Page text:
I didn’t expect to be staying home today, but I woke this morning alternating between shivers and sweats and feeling dizzy if I so much as moved my head. Staying home seemed like the best plan all things considered.

We (teachers, I guess I’m talking about, but probably any conscientious person in any job) put ourselves under enormous strain in order to fulfil what we see as our duties. The current project or upcoming exam always feels like the most important thing in the world and if we don’t get it done, well then… we’ve failed. We are failures. We mean nothing.

But it’s really the job that has the lesser meaning. All those things that we push off and place on hold, all those seemingly non-urgent things? Those are the areas where we should be focussing our lives. Five minutes to lay down together in a cuddled mess with your family, promenading by the sea while all our legs still work, discussing the day – even the boring old bedtime routine (and just there – the small catch up chat with G. which I automatically felt inclined to turn away from to get done with this task) – that’s all the stuff which I disregard, which I sweep to the side and view as secondary to my life. What is my life if it’s not those very things?

Doing vs Being is popping into my head now. And external perceptions and accolades vs the internal satisfaction of a life well lived. Okay. I know. I know. If I don’t have at least some “accomplishments” to mark down in the Book of Things That Last Past Death then I’m going to feel like I had a bit of a pointless life. I’m going to feel disappointed and undistinguished.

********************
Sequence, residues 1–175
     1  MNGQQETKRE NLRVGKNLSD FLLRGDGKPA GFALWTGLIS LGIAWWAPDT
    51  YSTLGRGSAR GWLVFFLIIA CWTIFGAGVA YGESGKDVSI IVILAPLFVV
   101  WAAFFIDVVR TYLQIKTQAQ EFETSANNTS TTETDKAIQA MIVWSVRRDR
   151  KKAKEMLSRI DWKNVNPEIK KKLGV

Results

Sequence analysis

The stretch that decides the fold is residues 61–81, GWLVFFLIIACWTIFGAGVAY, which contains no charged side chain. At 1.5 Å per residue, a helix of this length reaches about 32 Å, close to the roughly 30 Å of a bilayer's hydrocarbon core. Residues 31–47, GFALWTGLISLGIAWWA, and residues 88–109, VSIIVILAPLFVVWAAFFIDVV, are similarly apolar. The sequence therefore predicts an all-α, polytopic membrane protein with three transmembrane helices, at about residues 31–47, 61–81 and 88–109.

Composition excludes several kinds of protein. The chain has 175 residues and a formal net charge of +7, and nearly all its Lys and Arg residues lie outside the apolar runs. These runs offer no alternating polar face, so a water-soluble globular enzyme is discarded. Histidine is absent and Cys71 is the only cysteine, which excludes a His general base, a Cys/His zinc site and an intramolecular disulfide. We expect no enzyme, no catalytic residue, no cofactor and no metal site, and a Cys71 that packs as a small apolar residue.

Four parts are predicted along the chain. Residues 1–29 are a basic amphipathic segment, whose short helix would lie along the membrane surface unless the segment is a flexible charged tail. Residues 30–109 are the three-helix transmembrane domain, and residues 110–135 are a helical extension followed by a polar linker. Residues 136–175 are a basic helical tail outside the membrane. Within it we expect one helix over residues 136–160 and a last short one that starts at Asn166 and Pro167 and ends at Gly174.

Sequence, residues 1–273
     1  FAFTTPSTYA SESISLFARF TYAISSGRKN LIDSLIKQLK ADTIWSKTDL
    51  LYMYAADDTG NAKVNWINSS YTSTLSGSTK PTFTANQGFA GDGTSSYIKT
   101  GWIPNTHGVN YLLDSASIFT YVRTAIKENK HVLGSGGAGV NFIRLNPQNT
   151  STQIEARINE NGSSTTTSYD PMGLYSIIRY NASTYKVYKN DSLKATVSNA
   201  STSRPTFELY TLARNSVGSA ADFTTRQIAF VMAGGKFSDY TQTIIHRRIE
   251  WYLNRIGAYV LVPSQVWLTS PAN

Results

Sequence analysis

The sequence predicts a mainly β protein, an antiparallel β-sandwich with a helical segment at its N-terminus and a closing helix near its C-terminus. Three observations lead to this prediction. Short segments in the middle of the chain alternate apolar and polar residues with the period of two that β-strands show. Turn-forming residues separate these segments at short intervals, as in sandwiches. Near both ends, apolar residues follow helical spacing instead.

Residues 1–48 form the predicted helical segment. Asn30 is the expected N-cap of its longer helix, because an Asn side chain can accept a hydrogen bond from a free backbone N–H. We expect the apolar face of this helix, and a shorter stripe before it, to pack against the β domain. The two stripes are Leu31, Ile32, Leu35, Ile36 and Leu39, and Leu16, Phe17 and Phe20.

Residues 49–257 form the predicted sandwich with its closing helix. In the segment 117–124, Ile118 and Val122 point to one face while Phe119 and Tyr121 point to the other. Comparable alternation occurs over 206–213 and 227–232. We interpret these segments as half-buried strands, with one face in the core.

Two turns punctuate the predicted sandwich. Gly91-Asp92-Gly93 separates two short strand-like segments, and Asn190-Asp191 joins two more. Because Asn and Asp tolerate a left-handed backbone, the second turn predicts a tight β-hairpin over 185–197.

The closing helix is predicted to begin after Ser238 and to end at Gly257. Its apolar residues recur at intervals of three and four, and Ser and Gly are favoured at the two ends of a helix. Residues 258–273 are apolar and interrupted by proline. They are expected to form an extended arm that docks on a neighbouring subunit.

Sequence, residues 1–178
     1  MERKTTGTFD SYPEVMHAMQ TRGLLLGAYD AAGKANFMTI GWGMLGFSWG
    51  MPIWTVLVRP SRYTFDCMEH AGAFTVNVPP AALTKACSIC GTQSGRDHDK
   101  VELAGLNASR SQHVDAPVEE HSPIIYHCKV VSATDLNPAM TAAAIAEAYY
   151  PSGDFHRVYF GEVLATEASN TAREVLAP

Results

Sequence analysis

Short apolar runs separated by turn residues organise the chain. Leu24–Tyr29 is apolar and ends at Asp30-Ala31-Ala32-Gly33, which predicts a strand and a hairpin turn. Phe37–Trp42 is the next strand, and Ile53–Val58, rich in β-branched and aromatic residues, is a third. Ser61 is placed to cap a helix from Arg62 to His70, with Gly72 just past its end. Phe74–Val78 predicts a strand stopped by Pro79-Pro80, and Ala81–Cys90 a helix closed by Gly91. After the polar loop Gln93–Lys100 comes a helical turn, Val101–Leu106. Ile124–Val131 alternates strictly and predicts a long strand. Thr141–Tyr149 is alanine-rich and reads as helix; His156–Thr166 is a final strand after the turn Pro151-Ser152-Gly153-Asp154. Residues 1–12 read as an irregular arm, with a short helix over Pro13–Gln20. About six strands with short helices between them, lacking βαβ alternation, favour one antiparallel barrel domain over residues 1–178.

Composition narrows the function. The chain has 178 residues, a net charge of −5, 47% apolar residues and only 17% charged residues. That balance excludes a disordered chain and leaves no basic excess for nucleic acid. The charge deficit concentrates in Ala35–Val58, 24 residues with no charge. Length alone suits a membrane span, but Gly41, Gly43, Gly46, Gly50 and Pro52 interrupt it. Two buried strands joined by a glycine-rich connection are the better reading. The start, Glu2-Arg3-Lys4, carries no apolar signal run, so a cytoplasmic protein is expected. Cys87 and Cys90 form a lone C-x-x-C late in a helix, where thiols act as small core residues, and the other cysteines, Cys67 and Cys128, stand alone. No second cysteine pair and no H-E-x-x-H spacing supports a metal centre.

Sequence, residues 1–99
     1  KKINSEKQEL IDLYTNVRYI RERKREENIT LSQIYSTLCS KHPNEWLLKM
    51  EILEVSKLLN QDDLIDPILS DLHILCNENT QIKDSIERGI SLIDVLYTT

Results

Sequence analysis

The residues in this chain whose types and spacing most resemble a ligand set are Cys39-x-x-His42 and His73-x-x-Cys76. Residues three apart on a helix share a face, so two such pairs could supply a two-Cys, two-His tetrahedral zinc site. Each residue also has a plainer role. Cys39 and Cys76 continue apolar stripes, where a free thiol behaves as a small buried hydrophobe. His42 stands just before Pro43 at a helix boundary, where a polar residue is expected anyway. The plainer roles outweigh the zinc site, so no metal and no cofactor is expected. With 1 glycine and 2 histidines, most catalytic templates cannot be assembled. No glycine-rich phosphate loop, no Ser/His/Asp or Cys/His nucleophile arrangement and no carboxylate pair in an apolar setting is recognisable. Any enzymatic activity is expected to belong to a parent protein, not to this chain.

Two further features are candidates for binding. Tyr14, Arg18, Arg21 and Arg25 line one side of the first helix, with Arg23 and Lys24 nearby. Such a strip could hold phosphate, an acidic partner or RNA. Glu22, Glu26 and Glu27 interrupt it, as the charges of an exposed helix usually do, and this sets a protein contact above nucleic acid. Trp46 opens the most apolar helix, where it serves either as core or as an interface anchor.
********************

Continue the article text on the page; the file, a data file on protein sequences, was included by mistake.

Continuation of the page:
It’s just that I’m wrong. It’s very hard to be a Leonardo Da Vinci or a Ghandi or a Stephen Hawking. And I don’t just mean it’s hard to have that level of insight or talent, I mean that it’s a hard decision to make about your life, because the work must be all and what do you give up in order to achieve that. Maybe the very most valuable things.

So we end up trying to half-arse it, put a bit too much into a work that isn’t all that impactful and cost yourself a goodly chunk of the joy of life and wander around feeling unfulfilled, unproductive and also lacking in joy.

I’m actually not saying that we should be every day only sniffing roses, or else pouring our entire souls into Great Works(tm), I actually think balance is possible. It’s more that maybe we shouldn’t think that things are Great Works(tm) when all they are is contributing to the wheel of society. Maybe its really good to realise that you can switch off all that stuff and the world won’t end. And that it’s okay to call in sick even when you have a double Leaving Cert class and their Pre-Exams are in a week’s time.

By the time their actual state exams roll around – sooner even – they won’t remember that I was out on this day. And no one is actually going to appreciate my pushing my health limits, martyring myself and exposing my colleagues to the virus I have.

It’s okay to call in sick when I’m sick. The world will adjust and move on. And when I die, yes even then, the world will adjust and move on. So I had better do all the physical world stuff I care about while I still can, because a day is coming when I won’t be able to.

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Addendum:

Have I been sick less often this year than last? I have a perception that it’s been better but I’ve kept no scientific record. What do you think? I think last April through July I recall having lots of chest pain and heartburn and migraine and I think it’s a lot less frequent now. Of course that stuff didn’t stop me going to work, it just made me more miserable when I had to go in. I think my health has improved.

I appear to have stopped drawing completely in the last few months and I have no impetus to take it up at the moment. That’s really unusual for me for this time of the year. I mean, it’s appreciated in a way because I’m busy, but it worries me all the same. I’m just going to leave it be what it is though. Just like everything else.

Let’s live!

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